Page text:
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Thursday, May 13, 2004

International Response to Abu Ghraib

Yesterday, members of Congress were invited to see the still-secret photos and videos from Abu Ghraib. What did they see? Pretty clearly, as Taguba and others have emphasized, they saw prisoners who were not treated with the respect due under the Geneva Conventions:
They saw Iraqi women forced to bare their breasts, forced homosexual sex, sex between U.S. troops, hooded Iraqi prisoners forced to masturbate in front of their captors, another forced to sodomize himself.

They also reported viewing pictures of dead bodies, badly wounded soldiers and untrained soldiers stitching up injured detainees. A couple of Congress members were struck by pictures they said showed a detainee forced to smash his head against a wall at Abu Ghraib until his skull appeared to split.
In all, there were about 1000 new photos and around 300 showed abuse or sexual activity. In the words of Senator Mark Dayton (D-MN), the photos were "worse and more graphic" than those seen to-date.

I've taken these quotes from the Toronto Star, because I'm trying to gauge the international response to the prison abuse. Of course, I'll let experts like Abu Aardvark handle the Arab reaction (though the Aardvark has been thoroughly disgusted and has not found it easy to discuss this particular episode). I will note the reaction from Turkey:
"Ordinary Turks were appalled at the abuse of the Iraqi prisoners and later by the murder of the American businessman," said Omer Madra, founder of Open Radio, an Istanbul station. "But they are not surprised. The Turkish population is aware of a certain double standard . . . that while the U.S. preaches democracy and human rights, it does not always practice them."
Having one's foreign policy perceived as complete hypocrisy is never good -- especially if the current main justification for war is democratic transformation of the Middle East.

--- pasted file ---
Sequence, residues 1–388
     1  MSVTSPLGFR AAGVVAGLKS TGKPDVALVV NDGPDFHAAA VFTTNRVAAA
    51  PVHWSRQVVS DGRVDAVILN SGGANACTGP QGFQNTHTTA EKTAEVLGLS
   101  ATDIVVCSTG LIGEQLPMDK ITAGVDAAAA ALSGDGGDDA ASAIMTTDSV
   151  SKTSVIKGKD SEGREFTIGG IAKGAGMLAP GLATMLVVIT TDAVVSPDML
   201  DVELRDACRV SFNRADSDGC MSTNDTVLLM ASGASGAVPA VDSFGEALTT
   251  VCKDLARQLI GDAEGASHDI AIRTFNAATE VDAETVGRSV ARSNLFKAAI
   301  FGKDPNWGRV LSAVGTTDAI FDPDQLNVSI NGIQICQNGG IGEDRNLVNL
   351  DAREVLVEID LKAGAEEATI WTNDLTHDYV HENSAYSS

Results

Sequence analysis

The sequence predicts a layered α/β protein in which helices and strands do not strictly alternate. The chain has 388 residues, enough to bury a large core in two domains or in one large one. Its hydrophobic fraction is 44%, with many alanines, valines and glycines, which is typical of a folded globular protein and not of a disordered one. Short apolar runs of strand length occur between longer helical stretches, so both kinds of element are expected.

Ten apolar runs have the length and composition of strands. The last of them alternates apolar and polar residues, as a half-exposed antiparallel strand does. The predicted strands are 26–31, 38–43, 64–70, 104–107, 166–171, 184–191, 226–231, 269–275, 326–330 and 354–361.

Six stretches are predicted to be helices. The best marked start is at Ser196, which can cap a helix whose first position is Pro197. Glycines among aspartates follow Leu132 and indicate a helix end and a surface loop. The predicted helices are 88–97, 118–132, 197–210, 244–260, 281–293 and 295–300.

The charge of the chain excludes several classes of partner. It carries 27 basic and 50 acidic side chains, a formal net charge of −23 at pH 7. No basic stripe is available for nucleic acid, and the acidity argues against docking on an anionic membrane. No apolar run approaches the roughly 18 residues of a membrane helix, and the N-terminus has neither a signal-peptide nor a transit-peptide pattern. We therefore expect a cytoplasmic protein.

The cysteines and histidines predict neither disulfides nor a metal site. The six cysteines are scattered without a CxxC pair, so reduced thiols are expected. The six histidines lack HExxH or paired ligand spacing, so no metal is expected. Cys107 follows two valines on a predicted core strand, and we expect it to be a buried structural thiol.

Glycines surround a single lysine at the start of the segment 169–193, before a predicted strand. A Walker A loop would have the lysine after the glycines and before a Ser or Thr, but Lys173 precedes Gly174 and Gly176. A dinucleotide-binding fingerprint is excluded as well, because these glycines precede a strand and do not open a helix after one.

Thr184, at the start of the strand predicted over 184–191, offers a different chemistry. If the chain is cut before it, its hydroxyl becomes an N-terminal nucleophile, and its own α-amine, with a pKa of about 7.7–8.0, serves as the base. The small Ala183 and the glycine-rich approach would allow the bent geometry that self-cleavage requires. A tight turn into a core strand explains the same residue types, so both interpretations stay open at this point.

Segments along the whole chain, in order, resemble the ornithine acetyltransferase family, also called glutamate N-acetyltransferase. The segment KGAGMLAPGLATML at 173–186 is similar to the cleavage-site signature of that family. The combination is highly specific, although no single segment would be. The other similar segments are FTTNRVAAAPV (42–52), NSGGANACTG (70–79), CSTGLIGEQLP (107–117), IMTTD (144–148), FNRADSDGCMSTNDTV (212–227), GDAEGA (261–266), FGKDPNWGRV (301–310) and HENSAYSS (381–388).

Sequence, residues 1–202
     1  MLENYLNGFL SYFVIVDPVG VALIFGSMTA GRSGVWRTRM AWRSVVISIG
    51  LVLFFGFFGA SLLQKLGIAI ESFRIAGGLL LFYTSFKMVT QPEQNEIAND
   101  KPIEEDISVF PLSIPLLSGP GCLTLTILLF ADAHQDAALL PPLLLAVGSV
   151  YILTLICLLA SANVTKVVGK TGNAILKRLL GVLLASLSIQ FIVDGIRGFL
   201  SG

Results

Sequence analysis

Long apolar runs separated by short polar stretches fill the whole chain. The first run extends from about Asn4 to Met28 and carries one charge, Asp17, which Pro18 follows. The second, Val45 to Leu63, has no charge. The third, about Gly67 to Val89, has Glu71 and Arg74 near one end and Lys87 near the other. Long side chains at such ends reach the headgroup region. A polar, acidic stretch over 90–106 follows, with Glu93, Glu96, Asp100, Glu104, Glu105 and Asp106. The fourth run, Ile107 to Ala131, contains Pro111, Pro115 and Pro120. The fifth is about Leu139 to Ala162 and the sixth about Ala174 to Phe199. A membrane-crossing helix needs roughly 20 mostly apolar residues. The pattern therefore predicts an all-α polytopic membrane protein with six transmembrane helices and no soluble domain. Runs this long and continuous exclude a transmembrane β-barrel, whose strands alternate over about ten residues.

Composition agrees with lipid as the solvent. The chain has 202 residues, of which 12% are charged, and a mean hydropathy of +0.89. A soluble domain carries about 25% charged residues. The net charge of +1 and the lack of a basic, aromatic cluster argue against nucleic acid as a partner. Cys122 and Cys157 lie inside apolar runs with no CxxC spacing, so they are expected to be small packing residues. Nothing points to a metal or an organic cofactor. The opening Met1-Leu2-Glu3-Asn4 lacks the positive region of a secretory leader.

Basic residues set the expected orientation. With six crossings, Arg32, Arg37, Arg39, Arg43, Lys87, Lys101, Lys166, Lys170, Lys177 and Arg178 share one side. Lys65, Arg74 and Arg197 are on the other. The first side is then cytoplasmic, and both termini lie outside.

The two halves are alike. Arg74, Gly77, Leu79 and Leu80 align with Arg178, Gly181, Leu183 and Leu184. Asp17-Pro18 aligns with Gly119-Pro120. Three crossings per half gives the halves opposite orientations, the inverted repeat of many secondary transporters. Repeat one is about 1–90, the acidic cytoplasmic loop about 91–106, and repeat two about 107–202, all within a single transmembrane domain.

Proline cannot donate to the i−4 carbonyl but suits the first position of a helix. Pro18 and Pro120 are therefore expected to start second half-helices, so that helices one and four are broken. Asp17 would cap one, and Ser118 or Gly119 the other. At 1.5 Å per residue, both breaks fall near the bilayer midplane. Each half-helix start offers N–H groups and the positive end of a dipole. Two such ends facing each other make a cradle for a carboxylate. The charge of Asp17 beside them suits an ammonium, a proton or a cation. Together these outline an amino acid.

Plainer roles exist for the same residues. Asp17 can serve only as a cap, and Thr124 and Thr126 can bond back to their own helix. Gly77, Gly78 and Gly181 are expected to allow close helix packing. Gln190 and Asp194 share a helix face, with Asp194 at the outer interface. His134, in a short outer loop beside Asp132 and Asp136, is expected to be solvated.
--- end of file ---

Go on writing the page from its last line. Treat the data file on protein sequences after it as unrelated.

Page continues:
Indeed, that's a good reason for right-leaning politicians and analysts to stop comparing American behavior to the criminal acts of al-Qaeda or Saddam Hussein. As Senator Lindsay Graham (R-SC) said, "The American people need to realize we are talking about rape and murder charges here. We are not just talking about people giving a humiliating experience."

What are America's long-time friends and allies in Europe saying? Here's something widely quoted from Portugal's leader (a member of the "coalition of the willing."):
Portuguese Prime Minister José Durão Barroso, whose country's contribution to the occupation consists of 128 police officers, said: "You cannot, in the name of the struggle against terrorism and for the sake of freedom, contravene the very values and principles on which that struggle is based."
Not good. As Bush officials might say, they could be losing their will.

The news is worse from the unwilling....who, um, had no "will" to lose:
The brutality has "confirmed everyone's worst fears, and confirmed feelings, in France and Germany especially, that they were right to stay out of this mess," said William Drozdiak, director of the German Marshall Fund's Transatlantic Center in Brussels, Belgium. "More and more Europeans are openly expressing their fear of getting too involved with the U.S.... ," he said. "They are questioning whether a security relationship with the U.S. is becoming a negative instead of a positive."
The implications for policy are obvious. And bad. Potentially, very bad.

NATO is not going into Iraq anytime soon. The US better not want anything in particular from the UN for awhile. For example, this is yet another reason that the Bush Doctrine is dead: